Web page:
How much does this reflect religion? The ritualistic paying lip service to God, the volley of amens said to religious sounding truths, the repetitive quoting of chapter and verse, the frequency of worship, prayers at the dinner table, before bed, or whenever someone is experiencing a hardship; all of this reinforces the feeling that the beliefs of this sort are true.
On the surface, the notion that belief in God is properly basic is a belief that appears true, but I would contend that it is just an illusion of truth reinforced by the repetitiveness of Christian ritual and tradition.
Unless we just choose to ignore this information, the question becomes: how would a Christian know for certain whether his or her belief in God was properly basic or else an illusion of truth?
In the case of a loving God, where does this loving attribute come from? Why does this belief exist? Well, clearly it comes from Holy Scripture. Now we have to just believe in the reliability of Holy Scripture as well. But when I believe in orange appearing orangely, I don’t need to defer to ostensible attributes of orange or the reliability of color wheels. So much for belief in God being properly basic.
Randal reiterates his point, going on to stress that
My argument is that absent defeaters, ‘God loves me’ and other beliefs about God can be properly basic…
Again, we find a desire to establish a warrant to believe, or as I like to call it: a free lunch. It’s an excuse to say faith trumps reason by saying blind faith is reasonable. Randal quote-mines the philosopher Colin McGinn, taking his allegorical comment that “the abstract world is revealed to us by miraculous methods” to mean there is a parallel between knowing something by reason and a divine source.
Reason is as miraculous as divine revelation. So here’s the problem. If you reject the idea that we can perceive truths about God because such perception is mysterious, then you likewise must reject the deliverances of rational intuition like seven plus five equals twelve and sense perception like ‘I see a red apple’ because these basic modes of knowledge are also mysterious.
Never mind the fact that Randal has completely mistaken McGinn’s allegory to mean something else entirely, I feel Randal is presuming to know far too much about an area of cognitive science than is possible for a person of his credentials (a theology professor does not a neuroscientist make). Sense perception and cognition are all a part of brain science and human physiology, everything from neurology to the theory of mind, and so we’d best read a real cognitive scientist’s opinion on perception and cognition; such as Daniel Dennett’s book Consciousness Explained or David L. Chalmers The Conscious Mind, or even Colin McGinn’s own book The Mysterious Flame: Conscious Minds in a Material World just to name a few.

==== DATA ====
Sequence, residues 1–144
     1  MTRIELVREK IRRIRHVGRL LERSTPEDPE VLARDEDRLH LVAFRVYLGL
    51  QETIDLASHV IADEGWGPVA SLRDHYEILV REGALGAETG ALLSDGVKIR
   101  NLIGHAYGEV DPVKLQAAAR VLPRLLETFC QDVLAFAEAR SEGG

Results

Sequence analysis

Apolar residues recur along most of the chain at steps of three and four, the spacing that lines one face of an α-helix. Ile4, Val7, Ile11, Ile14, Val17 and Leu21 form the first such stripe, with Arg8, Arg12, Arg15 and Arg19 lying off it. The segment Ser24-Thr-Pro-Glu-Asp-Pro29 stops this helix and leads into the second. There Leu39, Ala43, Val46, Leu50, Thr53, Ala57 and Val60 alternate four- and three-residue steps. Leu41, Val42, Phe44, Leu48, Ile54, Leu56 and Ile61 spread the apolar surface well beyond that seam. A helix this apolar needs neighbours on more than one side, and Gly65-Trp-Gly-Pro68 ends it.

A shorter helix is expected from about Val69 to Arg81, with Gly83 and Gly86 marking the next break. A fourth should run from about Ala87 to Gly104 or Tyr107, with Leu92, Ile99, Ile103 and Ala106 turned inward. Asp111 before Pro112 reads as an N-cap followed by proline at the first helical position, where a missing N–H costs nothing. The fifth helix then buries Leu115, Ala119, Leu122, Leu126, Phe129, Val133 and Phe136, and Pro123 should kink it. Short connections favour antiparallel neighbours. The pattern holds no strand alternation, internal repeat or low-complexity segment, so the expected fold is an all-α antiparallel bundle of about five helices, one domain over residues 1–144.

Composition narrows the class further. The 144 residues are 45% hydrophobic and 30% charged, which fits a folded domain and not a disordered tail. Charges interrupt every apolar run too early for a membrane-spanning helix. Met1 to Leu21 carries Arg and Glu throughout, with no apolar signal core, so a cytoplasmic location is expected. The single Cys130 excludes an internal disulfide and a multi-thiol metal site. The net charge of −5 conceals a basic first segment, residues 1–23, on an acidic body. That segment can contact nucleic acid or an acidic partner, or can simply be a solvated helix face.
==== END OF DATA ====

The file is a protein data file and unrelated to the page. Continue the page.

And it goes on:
Another noteworthy cognitive scientist, Antonio Damasio, in his excellent book Self Comes to Mind, informs us that:
The properties of minds, let alone conscious minds, appear to be so radically different from those of visible living matter that thoughtful folk wonder how one process (conscious minds working) meshes with the other process (physical cells living together in aggregates called tissues) … There is indeed a self, but it is a process, not a thing, and the process is present at all times when we are presumed to be conscious.
Reason, like cognition, may simply be a process of higher order brain functions. The emergent features of reason or consciousness certainly seem miraculous to us, and as miraculous as such emergent features are, they are still part of a living biological system.
Divine revelation, if there is such a thing, wouldn’t be part of any system currently understood by humans. Such a thing would be wholly foreign to us and most assuredly mysterious. But it would still be part of an external system nonetheless, one which we would need to be capable of making sense of; otherwise the divine revelation would have no meaning to us, regardless of where it comes from.
The problem is that divine revelation seems to be, as Randal states, a miraculous sort of thing. Therefore anyone and everyone who claims to believe in miracles can also claim to be the recipient of divine revelation. But if such revelations are no different from everyday subjective experience, to decipher the “external divining system” would seem to be impossible, which means that divine revelation from God is indistinguishable from what one imagines a divine revelation from God to look like, and so divine revelation can be or mean anything for anyone.
I don’t know about you, but for me the more miraculous endeavor would be describing the external system by which divine revelation might work, and then creating a testable hypothesis by which we might be able to demonstrate such a thing. Short of this, however, it’s really just anyone’s guess.
 Victor Stenger actually goes one further and claims God is a failed hypothesis. See Stenger’s books God: The Failed Hypothesis and God and the Folly of Faith: The Incompatibility of Science and Religion.
 A 2010 study done by the Pew Research Center Forum on Religion & Public Life found that atheists and agnostics top the list of those with the best religious knowledge, beating out Jews and Mormons. Meanwhile, according to a 2009 Barna year-end review of Christianity in America, they discovered that modern Christians care more about spirituality than Christianity, and that biblical literacy was neither a goal nor a reality among the majority of Christians in the U.S. See the Pew study online at:
Also see the Barna study online at:
 See: “Sleep and False Memory” by Steven Novella, available online:
 Daniel Kahneman, Thinking, Fast and Slow, pp. 61-62.
 Whereas Catholics believe God is love, Calvinists believe God is deterministic and have developed a doctrine of predestination to help explain it. Basically, God determines ahead of time (perhaps before time itself), whether you will go to heaven or hell.
 Antonio Damasio, Self Comes to Mind, locations 166 and 212 Kindle.